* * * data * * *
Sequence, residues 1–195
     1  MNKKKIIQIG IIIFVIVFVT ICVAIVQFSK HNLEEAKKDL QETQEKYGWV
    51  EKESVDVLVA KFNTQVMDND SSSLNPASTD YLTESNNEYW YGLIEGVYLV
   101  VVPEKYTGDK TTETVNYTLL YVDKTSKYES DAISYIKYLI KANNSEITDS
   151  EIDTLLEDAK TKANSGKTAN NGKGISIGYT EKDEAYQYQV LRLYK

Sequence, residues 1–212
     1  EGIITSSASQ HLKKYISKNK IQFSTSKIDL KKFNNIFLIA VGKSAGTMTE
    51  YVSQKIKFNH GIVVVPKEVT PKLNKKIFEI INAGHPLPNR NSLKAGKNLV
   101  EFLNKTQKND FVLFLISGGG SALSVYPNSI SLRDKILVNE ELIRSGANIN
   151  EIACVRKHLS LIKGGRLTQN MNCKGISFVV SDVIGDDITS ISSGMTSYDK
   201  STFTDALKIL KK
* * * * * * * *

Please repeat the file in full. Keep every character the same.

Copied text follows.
Sequence, residues 1–195
     1  MNKKKIIQIG IIIFVIVFVT ICVAIVQFSK HNLEEAKKDL QETQEKYGWV
    51  EKESVDVLVA KFNTQVMDND SSSLNPASTD YLTESNNEYW YGLIEGVYLV
   101  VVPEKYTGDK TTETVNYTLL YVDKTSKYES DAISYIKYLI KANNSEITDS
   151  EIDTLLEDAK TKANSGKTAN NGKGISIGYT EKDEAYQYQV LRLYK

Sequence, residues 1–212
     1  EGIITSSASQ HLKKYISKNK IQFSTSKIDL KKFNNIFLIA VGKSAGTMTE
    51  YVSQKIKFNH GIVVVPKEVT PKLNKKIFEI INAGHPLPNR NSLKAGKNLV
   101  EFLNKTQKND FVLFLISGGG SALSVYPNSI SLRDKILVNE ELIRSGANIN
   151  EIACVRKHLS LIKGGRLTQN MNCKGISFVV SDVIGDDITS ISSGMTSYDK
   201  STFTDALKIL KK